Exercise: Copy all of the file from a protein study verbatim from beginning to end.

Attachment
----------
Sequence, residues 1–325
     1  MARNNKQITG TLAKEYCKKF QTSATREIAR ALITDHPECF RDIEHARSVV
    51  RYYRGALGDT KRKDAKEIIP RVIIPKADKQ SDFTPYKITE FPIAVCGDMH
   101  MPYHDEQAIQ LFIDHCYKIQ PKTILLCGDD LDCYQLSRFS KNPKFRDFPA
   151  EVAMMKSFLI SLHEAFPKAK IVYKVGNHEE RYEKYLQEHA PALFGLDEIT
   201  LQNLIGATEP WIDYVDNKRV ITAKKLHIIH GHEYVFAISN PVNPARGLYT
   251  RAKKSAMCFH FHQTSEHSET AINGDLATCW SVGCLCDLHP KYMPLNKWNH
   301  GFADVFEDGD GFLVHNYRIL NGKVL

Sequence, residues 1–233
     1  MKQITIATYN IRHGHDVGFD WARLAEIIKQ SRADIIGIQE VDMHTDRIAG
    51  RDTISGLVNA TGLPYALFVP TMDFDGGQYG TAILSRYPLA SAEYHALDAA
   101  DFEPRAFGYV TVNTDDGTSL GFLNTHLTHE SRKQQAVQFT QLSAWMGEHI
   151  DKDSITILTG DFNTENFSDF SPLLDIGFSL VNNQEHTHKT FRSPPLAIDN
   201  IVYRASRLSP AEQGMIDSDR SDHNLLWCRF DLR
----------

Sequence, residues 1–325
     1  MARNNKQITG TLAKEYCKKF QTSATREIAR ALITDHPECF RDIEHARSVV
    51  RYYRGALGDT KRKDAKEIIP RVIIPKADKQ SDFTPYKITE FPIAVCGDMH
   101  MPYHDEQAIQ LFIDHCYKIQ PKTILLCGDD LDCYQLSRFS KNPKFRDFPA
   151  EVAMMKSFLI SLHEAFPKAK IVYKVGNHEE RYEKYLQEHA PALFGLDEIT
   201  LQNLIGATEP WIDYVDNKRV ITAKKLHIIH GHEYVFAISN PVNPARGLYT
   251  RAKKSAMCFH FHQTSEHSET AINGDLATCW SVGCLCDLHP KYMPLNKWNH
   301  GFADVFEDGD GFLVHNYRIL NGKVL

Sequence, residues 1–233
     1  MKQITIATYN IRHGHDVGFD WARLAEIIKQ SRADIIGIQE VDMHTDRIAG
    51  RDTISGLVNA TGLPYALFVP TMDFDGGQYG TAILSRYPLA SAEYHALDAA
   101  DFEPRAFGYV TVNTDDGTSL GFLNTHLTHE SRKQQAVQFT QLSAWMGEHI
   151  DKDSITILTG DFNTENFSDF SPLLDIGFSL VNNQEHTHKT FRSPPLAIDN
   201  IVYRASRLSP AEQGMIDSDR SDHNLLWCRF DLR